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Generational differences at the core of new "Social Report"

Generational differences at the core of new "Social Report"

Several LIVES researchers got involved, under the Swiss Centre of Expertise in the Social Sciences FORS, into the editing and writing of this fourth edition, which was launched on October 23, 2012 in German and French.

There is no open conflict but huge cultural differences between generations, and strong forms of intergenerational solidarity, however, within the family. This is the conclusion of the Social Report 2012, an extensive analysis conducted by the Swiss Centre of Expertise in the Social Sciences FORS, in collaboration with several LIVES researchers. A press conference to inaugurate this work happened on Tuesday 23rd of October at Berne with the editors, organized by the Swiss National Science Foundation, which is funding the project.

The Social Report periodic reports every four years since 2000. This publication, originally created by Christian Suter, professor of sociology at the University of Neuchâtel, has since been institutionalized by FORS, with a different theme at each edition.

An ongoing debate

In a country where the percentage of those aged less than 20 is one of the lowest in Europe, the question of generations has become an issue, following research by the National Research Program (NRP) 52, which had concluded in 2008 that conflicts between generations are virtually non-existent, although they continue to generate  discussions.

Among the editors of the Social Report 2012, Felix Bühlmann, Peter Farago, François Höpflinger, Dominique Joye, and Pasqualina Perrig-Chiello are members of LIVES, while René Levy is part of its Advisory Board. They wrote some of the articles of the book and oversaw the rest with Christian Suter and Céline Schmid Botkin of FORS, who is responsible editor with Felix Bühlmann.

Differences in behavior

Working on the basis of data and indicators from major Swiss and international surveys, including longitudinal and transversal studies, the authors observed differences in behavior between three age groups (18-39, 40-59, 60 and over) in the various dimensions of society (distribution of social goods, cultural diversity, social inclusion, political regulation, society and environment).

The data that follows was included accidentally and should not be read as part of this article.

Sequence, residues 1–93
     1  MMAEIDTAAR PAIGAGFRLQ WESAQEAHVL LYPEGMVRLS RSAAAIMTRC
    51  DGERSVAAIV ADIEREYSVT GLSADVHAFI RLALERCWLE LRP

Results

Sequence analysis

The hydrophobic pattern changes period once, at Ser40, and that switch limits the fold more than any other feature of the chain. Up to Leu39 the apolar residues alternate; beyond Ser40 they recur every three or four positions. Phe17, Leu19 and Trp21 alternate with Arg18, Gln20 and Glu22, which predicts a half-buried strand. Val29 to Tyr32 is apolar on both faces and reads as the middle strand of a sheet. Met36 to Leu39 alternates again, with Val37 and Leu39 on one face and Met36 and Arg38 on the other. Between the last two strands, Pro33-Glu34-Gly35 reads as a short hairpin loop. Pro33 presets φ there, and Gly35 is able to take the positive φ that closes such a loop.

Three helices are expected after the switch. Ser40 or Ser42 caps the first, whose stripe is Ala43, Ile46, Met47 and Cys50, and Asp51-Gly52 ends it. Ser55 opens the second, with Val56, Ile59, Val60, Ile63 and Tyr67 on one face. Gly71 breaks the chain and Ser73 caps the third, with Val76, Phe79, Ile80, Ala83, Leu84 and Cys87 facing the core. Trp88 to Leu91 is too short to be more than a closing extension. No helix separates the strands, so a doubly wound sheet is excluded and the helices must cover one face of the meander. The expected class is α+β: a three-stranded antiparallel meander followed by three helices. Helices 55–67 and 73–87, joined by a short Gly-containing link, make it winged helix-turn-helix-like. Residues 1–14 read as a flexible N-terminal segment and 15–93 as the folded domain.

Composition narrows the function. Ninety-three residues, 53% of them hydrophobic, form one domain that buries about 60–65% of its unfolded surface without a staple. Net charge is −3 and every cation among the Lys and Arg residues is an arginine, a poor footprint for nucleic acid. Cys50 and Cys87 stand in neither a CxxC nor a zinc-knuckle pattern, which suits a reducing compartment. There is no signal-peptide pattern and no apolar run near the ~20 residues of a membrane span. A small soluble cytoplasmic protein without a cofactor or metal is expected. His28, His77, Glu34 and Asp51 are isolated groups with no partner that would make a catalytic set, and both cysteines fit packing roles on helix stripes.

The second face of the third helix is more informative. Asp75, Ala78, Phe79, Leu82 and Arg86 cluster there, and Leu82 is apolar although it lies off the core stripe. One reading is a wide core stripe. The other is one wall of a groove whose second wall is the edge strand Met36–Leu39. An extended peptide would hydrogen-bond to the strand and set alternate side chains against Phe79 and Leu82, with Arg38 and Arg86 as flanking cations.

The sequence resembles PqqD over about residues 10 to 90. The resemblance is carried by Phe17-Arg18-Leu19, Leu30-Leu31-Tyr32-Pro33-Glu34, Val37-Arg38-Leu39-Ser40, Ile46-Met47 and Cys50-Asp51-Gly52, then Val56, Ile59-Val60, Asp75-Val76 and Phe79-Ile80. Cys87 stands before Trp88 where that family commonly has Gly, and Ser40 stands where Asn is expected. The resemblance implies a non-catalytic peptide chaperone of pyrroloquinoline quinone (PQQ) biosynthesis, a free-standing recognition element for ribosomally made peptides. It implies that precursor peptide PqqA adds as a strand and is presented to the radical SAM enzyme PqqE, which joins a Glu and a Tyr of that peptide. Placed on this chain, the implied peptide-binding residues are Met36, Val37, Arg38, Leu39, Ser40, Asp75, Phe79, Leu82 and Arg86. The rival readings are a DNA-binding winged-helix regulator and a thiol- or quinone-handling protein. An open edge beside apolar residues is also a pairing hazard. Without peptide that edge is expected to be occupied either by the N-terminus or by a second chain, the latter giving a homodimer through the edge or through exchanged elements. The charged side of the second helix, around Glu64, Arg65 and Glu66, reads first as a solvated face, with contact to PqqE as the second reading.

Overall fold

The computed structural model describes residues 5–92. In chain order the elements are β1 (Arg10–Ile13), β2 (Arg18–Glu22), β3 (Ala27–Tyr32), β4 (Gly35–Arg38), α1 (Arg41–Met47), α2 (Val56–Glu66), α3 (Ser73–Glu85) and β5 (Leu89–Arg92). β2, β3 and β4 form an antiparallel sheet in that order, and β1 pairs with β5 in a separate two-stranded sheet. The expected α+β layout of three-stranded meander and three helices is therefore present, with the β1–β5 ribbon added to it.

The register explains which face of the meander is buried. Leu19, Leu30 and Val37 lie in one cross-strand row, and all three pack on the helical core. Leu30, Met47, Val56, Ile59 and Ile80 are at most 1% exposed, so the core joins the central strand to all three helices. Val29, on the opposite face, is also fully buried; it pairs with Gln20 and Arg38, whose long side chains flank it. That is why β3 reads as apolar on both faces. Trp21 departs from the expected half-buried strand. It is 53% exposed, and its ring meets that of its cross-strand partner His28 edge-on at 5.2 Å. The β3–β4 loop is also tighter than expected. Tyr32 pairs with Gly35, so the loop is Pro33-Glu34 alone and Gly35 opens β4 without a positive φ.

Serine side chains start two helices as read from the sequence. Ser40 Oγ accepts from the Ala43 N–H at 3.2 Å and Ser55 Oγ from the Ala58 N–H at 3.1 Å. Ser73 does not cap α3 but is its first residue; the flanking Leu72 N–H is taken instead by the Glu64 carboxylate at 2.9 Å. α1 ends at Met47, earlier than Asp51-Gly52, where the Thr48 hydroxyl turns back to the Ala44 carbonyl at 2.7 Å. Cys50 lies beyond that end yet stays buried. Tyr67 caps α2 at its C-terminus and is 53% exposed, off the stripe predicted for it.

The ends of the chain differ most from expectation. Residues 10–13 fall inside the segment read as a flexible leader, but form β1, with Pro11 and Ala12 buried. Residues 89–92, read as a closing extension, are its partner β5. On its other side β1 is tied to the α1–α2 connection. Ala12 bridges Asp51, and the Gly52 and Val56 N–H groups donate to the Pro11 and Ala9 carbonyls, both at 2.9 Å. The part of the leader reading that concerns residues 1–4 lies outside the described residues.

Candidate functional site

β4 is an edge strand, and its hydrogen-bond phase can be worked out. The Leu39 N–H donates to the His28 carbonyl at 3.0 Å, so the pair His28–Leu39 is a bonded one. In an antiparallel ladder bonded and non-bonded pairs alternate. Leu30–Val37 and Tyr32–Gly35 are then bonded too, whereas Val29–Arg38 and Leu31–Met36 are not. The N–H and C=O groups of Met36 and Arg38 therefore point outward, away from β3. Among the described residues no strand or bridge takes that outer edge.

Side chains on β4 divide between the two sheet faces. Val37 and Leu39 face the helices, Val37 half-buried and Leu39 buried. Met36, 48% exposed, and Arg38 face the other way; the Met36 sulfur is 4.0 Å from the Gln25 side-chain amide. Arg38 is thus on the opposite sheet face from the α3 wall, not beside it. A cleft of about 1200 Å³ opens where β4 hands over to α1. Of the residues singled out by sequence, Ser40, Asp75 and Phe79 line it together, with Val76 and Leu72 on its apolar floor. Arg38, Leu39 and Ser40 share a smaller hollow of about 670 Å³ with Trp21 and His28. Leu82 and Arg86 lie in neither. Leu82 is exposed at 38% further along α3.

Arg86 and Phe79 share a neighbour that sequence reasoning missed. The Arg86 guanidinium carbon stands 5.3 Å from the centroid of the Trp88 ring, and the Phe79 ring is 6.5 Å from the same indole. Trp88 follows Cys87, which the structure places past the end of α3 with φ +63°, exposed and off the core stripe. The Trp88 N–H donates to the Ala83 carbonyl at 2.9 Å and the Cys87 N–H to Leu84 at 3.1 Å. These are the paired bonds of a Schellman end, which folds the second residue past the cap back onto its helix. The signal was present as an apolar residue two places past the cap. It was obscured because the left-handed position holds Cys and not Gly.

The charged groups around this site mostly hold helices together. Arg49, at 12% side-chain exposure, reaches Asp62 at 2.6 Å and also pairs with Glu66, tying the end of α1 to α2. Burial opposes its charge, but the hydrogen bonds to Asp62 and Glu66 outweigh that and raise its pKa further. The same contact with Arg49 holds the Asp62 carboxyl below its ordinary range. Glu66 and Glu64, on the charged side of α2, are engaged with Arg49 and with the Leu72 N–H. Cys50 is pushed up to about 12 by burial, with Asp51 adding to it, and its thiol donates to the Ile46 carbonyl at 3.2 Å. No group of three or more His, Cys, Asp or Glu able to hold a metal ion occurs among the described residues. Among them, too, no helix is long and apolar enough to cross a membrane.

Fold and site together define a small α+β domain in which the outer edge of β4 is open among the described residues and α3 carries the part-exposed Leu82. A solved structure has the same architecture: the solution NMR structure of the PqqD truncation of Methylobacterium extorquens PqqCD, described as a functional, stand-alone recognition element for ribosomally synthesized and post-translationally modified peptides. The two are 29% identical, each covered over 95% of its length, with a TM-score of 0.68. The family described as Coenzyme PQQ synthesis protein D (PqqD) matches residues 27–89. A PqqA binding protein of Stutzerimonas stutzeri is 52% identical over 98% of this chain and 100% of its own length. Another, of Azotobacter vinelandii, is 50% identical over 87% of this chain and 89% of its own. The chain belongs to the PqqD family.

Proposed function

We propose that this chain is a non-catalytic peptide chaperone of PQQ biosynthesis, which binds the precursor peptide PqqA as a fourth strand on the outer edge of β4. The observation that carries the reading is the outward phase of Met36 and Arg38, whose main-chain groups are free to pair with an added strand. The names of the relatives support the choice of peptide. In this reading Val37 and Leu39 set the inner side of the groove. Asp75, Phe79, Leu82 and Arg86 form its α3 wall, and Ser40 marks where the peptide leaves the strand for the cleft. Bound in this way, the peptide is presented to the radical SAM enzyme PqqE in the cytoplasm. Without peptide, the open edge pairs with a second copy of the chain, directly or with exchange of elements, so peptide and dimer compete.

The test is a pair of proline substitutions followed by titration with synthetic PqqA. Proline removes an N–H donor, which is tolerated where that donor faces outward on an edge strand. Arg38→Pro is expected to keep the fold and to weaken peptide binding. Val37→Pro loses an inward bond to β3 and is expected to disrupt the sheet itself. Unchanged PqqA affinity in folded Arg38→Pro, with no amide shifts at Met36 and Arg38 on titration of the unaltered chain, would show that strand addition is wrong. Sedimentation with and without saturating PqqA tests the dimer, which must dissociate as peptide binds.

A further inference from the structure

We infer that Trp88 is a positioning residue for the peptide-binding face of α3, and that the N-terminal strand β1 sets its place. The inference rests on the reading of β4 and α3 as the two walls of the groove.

The researchers found that intergenerational links are nowadays absent of friendly and professional relationships but remain very strong in the family, which combines more generations than in the past. The contemporary family is indeed less horizontal (less brothers, sisters, cousins) but more vertical (more grandparents and great-grandparents present) than in the past.

Intergenerational solidarity

Intergenerational solidarity is thus a reality only in the family circle. Many adults today take care either of an elderly parent, of grandchildren, or both. At the financial level and still within the kinship, there is a great place for money transfers between generations, through donations and legacies. Outside the family, few relations exist between the groups of age, separated by cultural gaps, be they religious befief, music tastes or sport practices, for example.

Some surprises

Some findings are surprising. Thus, contrary to the popular belief, the 18-39 age group is not less interested in the political debate than the elders. Young people are even more active than their parents' generation was in the 70s, and this participation takes more alternative forms, marked by narrow focus themes, informality, short-term, and a mix between private and public spheres.

Another curiosity, if young people are more concerned about environmental issues, their behaviors are less green than those of seniors. There is a "generational paradox between thought and action," write the authors, which may be explained partly by the mobility imposed by modernity and, on the other hand, by the specific socialization of those aged more than 60, which was driven more by economics than ecology.

Youth’s and elders’ mistrust

Also worth being mentioned is the issue of mistrust between the generations. If seniors have more concerns in Switzerland than elsewhere regarding young people’s threat to public order, the young in turn denounce injustice and lack of respect they feel being victims, especially in the access to employment. The situation of older, however, is not much better in the world of work, but the idea prevails that older workers are better protected by the welfare state, as they will soon receive their retirement pension.

The authors conclude that "certain essential functions of our society - such as the transmission of knowledge or mutual aid in times of vulnerability and dependence - can be fulfilled only if exchange exists between generations and continues ." They underline, however, that "solidarity between generations is (also) a class solidarity "and that "gender, education or income are often more important than our age or belonging to a generation. " Analysis can not be abstracted from these other factors, which are set in a "cumulative or compensatory logic".


Felix Bühlmann, Céline Schmid Botkine, Peter Farago, François Höpflinger, Dominique Joye, René Levy, Pasqualina Perrig-Chiello, Christian Suter (éds): Rapport social 2012: Générations en jeu. Editions Seismo, Zurich 2012, 332 p.